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Full guide to table ordering – everything you need to know

Table ordering enables one to just place the order right after sitting at the table. But there are more benefits to think about.

The pandemic has reshaped the habits of customers for good. One of the most visible effects is the rising popularity of table ordering – instead of a waiter approaching the table, the customer places the order using his or her phone instead. 

Using digital channels is commonly associated with NOT going to a restaurant, which is not always the case. At least 67% of customers say that being able to order food online makes them go to a restaurant more often.

Online ordering, on the other hand, only provides the food, with little to no way to replicate the entire in-person dining experience. Table ordering is essentially the link that connects the best of both worlds. 

What is table ordering?

Table ordering is basically giving the customer the ability to order food using his or her mobile device, usually a smartphone, while sitting in the restaurant. The order is placed while the customer sits at the table, either in the dining room or outside, in the garden. 

With this method, the waiter only has to serve the food after it has been made in the kitchen. He or she doesn’t have to go up to the table and take orders. 

The most common way to do this is to put a QR code in a place where customers can see it, usually on the table. Yet there are multiple tech and non-tech ways to do so, including NFC tags, beacons, and codes that the customer needs to enter when placing an order to have the meal delivered directly. Initially, this paradigm was invented to support understaffed companies in providing high-class service. 

This approach comes with multiple benefits, especially in the post-COVID, more digitized, and contactless era.  

Benefits of table ordering

One of the key elements of the customer experience in a restaurant is the waiting time. According to icmi.com, modern customers don’t like to wait, with 25% claiming to abandon the queue or service when having to wait more than two minutes. If the time is longer than five minutes, the percentage of dropouts increases to 73%. 

Table ordering enables one to just place the order right after sitting at the table. But there are more benefits to think about: 


According to the Deloitte study, up to 60% of diners prefer to place an order digitally, using mobile technologies. For many users, ordering food after the COVID-19 pandemic has become more digital, with 60% of US consumers claiming to do that at least once a week.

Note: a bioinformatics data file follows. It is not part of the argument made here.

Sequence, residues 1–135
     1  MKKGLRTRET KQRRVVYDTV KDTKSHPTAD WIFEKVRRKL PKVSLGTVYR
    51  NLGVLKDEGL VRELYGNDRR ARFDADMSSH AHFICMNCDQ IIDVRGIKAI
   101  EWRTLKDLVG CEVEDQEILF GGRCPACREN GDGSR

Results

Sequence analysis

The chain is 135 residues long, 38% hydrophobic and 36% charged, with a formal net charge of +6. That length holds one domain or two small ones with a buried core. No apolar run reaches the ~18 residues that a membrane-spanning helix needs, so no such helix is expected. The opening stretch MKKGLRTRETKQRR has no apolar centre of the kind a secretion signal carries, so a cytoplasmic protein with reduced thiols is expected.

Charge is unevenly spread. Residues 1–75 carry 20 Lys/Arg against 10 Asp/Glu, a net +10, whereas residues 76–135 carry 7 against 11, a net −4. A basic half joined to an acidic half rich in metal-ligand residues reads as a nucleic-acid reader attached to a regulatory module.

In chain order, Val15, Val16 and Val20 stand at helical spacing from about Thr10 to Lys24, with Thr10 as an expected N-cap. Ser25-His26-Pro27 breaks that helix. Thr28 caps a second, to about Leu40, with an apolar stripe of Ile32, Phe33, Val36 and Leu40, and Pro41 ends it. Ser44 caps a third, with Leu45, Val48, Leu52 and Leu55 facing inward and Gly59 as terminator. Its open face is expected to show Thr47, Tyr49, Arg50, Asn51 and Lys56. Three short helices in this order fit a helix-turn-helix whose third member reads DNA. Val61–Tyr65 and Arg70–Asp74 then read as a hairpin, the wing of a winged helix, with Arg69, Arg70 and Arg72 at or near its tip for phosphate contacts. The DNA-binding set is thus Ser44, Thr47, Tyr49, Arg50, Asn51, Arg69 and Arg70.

Traditional ordering requires one to wait for the waiter, which limits the time to choose and increases the risks of miscommunication. When using a tabletop ordering system (or an online ordering system), these risks are mitigated. 

Improves the experience

As mentioned above, table ordering is basically an online order with the customer being placed in the restaurant. Considering that, the company has access to much more information about the visitor than when he or she comes to the physical location. 

The Deloitte study finds that 60% of guests who have good experiences with a restaurant would dine there more often, and 39% added that positive experiences encourage them to spend more money. 

The app (or an account on the restaurant website) stores the information about the ordering person, so it can offer the most relevant products, discounts for favorites, or promotions available to members of loyalty programs only. As a result, the experience is far superior to that provided by the waiter who encounters the nearly anonymous visitor.

Can be personalized

As mentioned above, the table ordering process is done via the app. By doing so, the company gets access to much more data than when the customer approaches the waiter in a traditional way. The app stores the customer’s purchasing history and preferences, allowing the restaurant to tailor the offer to his or her preferences. 

This comes as a great convenience not only for the restaurants, but also for the consumers. According to the State of Personalization 2022 report, 49% of consumers are likely to become repeat buyers when being served with a personalized experience. 

For example, if a user declares that they are vegan, the app may adjust the menu to prioritize vegan meals and beverages. Also, if the user would rather get discounts for beverages than meals, the app can automatically tailor the promotion to fit his or her needs. 


Contrary to the traditional paper menu and the waiter who asks about the chosen meal, the table ordering feature is fully connected with the rest of the company’s digital systems. This allows it to collect data and deliver automations just like the other digital channels. 

Also, it can be updated and changed as easily as digital channels. This makes it easy to make a quick promotion, a limited-time offer, or a quick change to the menu when a key ingredient is out of stock.